So a bit of a higher cost then first impression.

Submitted by Anonymous | January 16 2012 |

I DNA Tested my mutt. He is about 65lbs and looks physically like a Lab/Pit Bull mix. He also has webbed paws so that narrowed it down a bit. The results came back without any real primary dogs, and the secondary and tertiary didn't seem to make sense. There is nothing small about our dog- he has a huge neck and head, a long tail and huge paws. The results said something about a miniature bull terrier and a possible Pointer. The pointer seemed to make sense but we realized that he is probably a pure mutt, and whatever he is made up of works perfectly for us.

Submitted by the DIY dog | January 16 2012 |

If I had the money to spare, I'd probably test my dog...well, maybe not after that video LOL. I think the discrepancy can be explained in generational terms - if a dog's great-grandmother is a Yorkie, he might not look anything like one. I suspect my mutt is at least 3 different breeds. The guessing game is fun, though!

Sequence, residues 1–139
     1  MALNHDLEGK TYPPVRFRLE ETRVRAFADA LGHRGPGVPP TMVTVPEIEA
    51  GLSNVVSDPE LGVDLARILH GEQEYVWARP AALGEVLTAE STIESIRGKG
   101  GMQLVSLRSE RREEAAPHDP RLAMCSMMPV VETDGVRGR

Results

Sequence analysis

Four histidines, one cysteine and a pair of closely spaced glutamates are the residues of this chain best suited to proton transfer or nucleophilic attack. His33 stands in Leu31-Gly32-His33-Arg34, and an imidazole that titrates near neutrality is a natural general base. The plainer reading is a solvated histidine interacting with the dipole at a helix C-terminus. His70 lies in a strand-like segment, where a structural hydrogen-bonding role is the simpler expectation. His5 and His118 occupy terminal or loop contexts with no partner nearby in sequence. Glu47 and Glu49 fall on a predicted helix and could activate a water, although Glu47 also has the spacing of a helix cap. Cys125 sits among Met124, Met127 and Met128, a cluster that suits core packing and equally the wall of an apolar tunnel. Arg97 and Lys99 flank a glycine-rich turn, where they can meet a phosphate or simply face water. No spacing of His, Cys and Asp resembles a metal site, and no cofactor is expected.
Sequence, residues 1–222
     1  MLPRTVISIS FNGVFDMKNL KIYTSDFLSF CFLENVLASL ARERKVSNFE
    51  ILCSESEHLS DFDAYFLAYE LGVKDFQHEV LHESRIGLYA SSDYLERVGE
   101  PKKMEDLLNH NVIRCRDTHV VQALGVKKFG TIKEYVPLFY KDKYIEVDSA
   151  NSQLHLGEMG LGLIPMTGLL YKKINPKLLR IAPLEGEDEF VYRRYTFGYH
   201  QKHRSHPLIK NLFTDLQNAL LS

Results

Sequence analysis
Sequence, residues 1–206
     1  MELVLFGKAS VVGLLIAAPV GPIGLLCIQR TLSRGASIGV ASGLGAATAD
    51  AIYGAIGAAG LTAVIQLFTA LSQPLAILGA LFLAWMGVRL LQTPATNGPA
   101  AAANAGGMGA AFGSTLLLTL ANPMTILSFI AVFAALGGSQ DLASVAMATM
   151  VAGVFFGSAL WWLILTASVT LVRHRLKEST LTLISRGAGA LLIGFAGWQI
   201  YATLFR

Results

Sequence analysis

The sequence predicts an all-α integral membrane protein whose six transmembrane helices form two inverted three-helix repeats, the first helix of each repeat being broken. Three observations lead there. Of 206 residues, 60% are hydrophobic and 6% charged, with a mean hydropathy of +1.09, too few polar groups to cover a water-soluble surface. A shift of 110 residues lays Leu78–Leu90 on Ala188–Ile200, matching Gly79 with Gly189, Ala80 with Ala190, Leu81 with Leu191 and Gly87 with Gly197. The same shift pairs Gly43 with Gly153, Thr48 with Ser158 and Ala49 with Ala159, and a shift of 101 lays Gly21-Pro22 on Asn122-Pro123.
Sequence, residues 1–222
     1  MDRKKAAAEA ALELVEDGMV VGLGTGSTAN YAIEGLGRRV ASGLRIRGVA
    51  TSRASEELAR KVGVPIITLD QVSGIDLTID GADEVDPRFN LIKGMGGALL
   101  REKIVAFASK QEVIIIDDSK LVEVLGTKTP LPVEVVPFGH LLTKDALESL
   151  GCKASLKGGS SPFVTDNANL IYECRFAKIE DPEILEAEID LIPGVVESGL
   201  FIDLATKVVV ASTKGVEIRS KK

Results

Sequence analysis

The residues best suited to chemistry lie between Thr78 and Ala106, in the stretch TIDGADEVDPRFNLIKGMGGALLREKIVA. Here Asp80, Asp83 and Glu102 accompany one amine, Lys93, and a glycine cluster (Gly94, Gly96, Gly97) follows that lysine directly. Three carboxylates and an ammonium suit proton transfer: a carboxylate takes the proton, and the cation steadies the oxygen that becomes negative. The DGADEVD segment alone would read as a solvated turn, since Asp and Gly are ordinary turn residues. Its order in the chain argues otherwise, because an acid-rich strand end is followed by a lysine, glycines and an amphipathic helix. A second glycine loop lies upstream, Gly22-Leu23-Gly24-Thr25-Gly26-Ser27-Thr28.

Submitted by Glen | January 16 2012 |

I had my dog Rosebud tested with the Wisdom Panel XL and had very interesting results. She looks like a yellow lab/pitbull mix, but is a Rhodesian Ridgeback/Neapoltian Mastiff crossed with Great Prynees mix. She has characteristics of all her dominate breeds and is the best companion dog I have ever had.

Submitted by Basil Brown | January 17 2012 |

My "Corgi mix", which I got because I wanted a smaller dog, turned out to be -- according to the DNA test -- 50% American Eskimo, 25% ST. BERNARD, and 25% mix of Chow, Pointer, Beagle, Samoyed. Of course I love him, and at least he didn't get bigger than 55 pounds. I laughed quite loudly when I got the results.

Submitted by Rachel | February 28 2012 |

When people ask what type of dog my mutt is, I proudly tell them that she is a unique specimen of the 'Linda' dog.

Submitted by kayley | April 8 2014 |

my dog is part german shepherd
I know it plz